See how adding frames to your compositions can give your shots a unique look with these stunning examples from the Picfair community

Beginner

Including a frame in your image compositions is a great way to add an additional layer of interest to the subject of your shots. Framing isn't the easiest compositional technique to master, it takes practice, and not every image will demand a frame - but when the elements come together at the right place and right time, the results can be stunning.

Look around enough and frames can be found almost everywhere (see some of the most commonly used frames at the end of this article), and here are some brilliant and imaginative examples from Picfair Stores:

"Perfectly framed, a bus rides through the city as the setting sun lights up the buildings." - by Jack Evans
"These autumn foggy mornings are the best form me :) Horse in front, she felt in love with me, so she followed me always, on the other side the other one ignored me. So I used legs of my new love and framing with her :)" - by Tomáš Hudolin
"Your smile" - by El.DiPi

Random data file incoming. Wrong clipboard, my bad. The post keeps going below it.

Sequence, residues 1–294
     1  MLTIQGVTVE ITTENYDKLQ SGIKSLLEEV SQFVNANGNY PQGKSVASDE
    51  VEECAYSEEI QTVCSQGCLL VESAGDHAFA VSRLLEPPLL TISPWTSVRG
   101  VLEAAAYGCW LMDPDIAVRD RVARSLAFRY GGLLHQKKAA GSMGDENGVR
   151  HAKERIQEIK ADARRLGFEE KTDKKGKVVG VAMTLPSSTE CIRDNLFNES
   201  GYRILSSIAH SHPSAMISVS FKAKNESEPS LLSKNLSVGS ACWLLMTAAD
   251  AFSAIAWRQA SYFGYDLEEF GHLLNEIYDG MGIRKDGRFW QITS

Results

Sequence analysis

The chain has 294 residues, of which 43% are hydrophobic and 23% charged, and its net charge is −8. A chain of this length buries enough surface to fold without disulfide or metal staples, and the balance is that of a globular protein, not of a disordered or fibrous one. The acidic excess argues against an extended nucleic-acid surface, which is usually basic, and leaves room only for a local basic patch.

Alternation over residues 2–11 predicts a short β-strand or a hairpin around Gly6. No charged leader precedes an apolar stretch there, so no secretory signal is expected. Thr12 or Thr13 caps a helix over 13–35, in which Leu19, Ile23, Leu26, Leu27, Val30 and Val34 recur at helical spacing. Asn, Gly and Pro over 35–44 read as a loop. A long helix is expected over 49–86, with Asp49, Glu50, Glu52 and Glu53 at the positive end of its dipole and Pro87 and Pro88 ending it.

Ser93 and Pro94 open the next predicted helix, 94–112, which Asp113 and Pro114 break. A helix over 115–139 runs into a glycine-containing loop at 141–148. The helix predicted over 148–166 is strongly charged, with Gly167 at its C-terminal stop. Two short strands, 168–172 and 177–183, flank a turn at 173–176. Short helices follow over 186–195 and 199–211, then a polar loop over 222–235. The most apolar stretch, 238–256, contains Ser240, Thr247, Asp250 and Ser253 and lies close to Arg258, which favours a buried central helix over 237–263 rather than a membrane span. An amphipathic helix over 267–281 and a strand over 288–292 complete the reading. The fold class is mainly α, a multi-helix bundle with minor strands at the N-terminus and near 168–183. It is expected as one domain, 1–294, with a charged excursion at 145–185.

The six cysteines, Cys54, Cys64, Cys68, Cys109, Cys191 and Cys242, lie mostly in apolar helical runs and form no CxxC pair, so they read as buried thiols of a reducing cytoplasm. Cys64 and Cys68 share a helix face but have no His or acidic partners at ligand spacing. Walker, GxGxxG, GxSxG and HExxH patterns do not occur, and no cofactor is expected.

"Holding a colourful umbrella in the moon gate at Mandarin's House, in Macau." - Photo by Mark Paulda
"Window shopping" - by Tomasso Carrara
"Ruins of the medieval Al Sulaif fortress in Ibri, Oman." - by Ronan Shenhav
"Yick fat monster building in Hong Kong" - by Tor Treff
"Frame In Frame" by George Natsioulis
"Silhouette of a passenger jet crossing the sky, framed by several telephone wires" - by Simon Knox
"A beautifully framed tree on a foggy autumn day in The Wyre Forest" - by Jack Evans
Some places to look for frames:

- Doors and windows
- Archways
- Rock formations
- Railings
- Fencing
- Bridges
- Foliage
- Shapes in people and animals
- Chains
- Skyscrapers and tall buildings (looking up)

More photography composition guides:

- How to use leading lines in your image compositions
- How to find unusual angles for your photography subjects
- How to crop your photos like a pro
- Advanced composition techniques you should try